if they were on the ground floor in a loading bay, they would cost you a lot of money to have removed.
    i would recommend that now you know the weights, your builders should be consulted and see what they say.

  8. #18
    Join Date
    Oct 2013
    Posts
    84
    Country: Australia

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    The other contributors to this thread dwarf the knowledge that I have, but I suggest you post images of the strongroom for them.

    There are "portable" strongrooms made of modular parts that can be dismantled and moved, however many(most?) strongrooms will be part of the building & not worth removing.

    I have seen people sell a strongroom door & frame before, but the costs of removing and transporting them will usually outweigh their value.

    If you leave the strong room intact but do not intend to use it as a strongroom, then consider having the door disabled and made safe (to prevent accidental lock ins) by a suitably qualified safe technician. This should not be a destructive process & as long as you retain any parts that are removed, the door could be returned to service at a later date if required.

  9. #19
    Join Date
    Sep 2004
    Location
    Devon UK
    Posts
    3,015
    Country: UK

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    The most usual way of removing a strong room within a building is to crane a 35 tonne demolition machine onto the top of it and work downwards, throwing the rubble down a lift shaft.

  10. #20
    Join Date
    Sep 2007
    Location
    Aberdeenshire
    Posts
    375
    Country: Great Britain

    Default

    Quote Originally Posted by Huw Eastwood View Post
    Safeman's surprised me with those figures, I'd have thought the Sterling would be ok for £7-8k, perhaps even £10k at a push, and more like £15k on the Ratner. Realise ratings are always subjective and it varies between insurers, but they seem a bit low.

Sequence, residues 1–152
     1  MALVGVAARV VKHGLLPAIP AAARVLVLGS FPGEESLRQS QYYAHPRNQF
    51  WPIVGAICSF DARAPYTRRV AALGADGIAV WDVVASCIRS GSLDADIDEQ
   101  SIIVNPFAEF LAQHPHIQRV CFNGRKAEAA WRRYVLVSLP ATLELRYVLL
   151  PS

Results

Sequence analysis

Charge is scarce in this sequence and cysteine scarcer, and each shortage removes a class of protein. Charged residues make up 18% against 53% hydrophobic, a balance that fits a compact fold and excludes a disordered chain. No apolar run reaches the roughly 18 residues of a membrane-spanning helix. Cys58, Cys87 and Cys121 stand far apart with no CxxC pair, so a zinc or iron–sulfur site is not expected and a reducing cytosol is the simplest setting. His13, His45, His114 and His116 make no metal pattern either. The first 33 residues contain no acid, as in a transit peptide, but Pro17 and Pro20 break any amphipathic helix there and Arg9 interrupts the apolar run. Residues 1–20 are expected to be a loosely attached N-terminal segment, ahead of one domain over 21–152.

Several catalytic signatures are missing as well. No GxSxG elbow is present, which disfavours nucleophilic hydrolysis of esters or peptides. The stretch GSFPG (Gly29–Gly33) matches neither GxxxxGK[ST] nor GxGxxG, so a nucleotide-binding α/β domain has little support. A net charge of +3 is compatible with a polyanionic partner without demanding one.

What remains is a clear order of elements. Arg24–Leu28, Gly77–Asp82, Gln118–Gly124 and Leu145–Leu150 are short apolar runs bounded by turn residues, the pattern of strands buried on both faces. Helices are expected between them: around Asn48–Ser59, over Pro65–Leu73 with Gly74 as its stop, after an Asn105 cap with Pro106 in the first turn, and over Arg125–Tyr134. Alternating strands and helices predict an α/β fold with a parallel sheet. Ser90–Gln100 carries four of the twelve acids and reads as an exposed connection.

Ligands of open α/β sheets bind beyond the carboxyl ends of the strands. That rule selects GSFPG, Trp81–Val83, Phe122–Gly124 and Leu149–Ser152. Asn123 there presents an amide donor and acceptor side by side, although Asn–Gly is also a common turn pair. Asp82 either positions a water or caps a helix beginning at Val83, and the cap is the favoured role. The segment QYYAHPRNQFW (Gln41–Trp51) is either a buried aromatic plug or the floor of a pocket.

If I had 15 grand in cash laying around I'd happily keep it in either of those two before any modern euro grade 1 or 2 box!
    Hello Huw,

    As regards the Ratner, I think I was mistaken in thinking it was one of the post 1970 Ratners made by Tann whereas from the handle it appears more like a T4 which had a rating at the time of only £6000 for reasons which I cannot go into on this site.

    Why was a Sterling IV safe made in 1974 given cash rating of £2000 yet today seems to be good for £10,000?

    The main problem with safe ratings is that decisions by insurers were usually based on in-house makers tests (demonstrations). You say that you believe the ratings to be too low but the reason the British safe industry has been descimated is that the unsubstantiated commercially driven high ratings caused long established companies like Tann to go out of business after almost 200 years.

    When the LPC came to establish the British safe testing authority in 1990 at Borehamwood I was invited to work with the test team in setting up the training techniques which reinforced my belief that despite the misgivings, made me realise that this was the most reliable means of grading a safe as it included all the equipment and methods that could be brought to bear in reality (apart from the fatigue factor).

    There are ongoing discussions regarding the standards of some European test houses.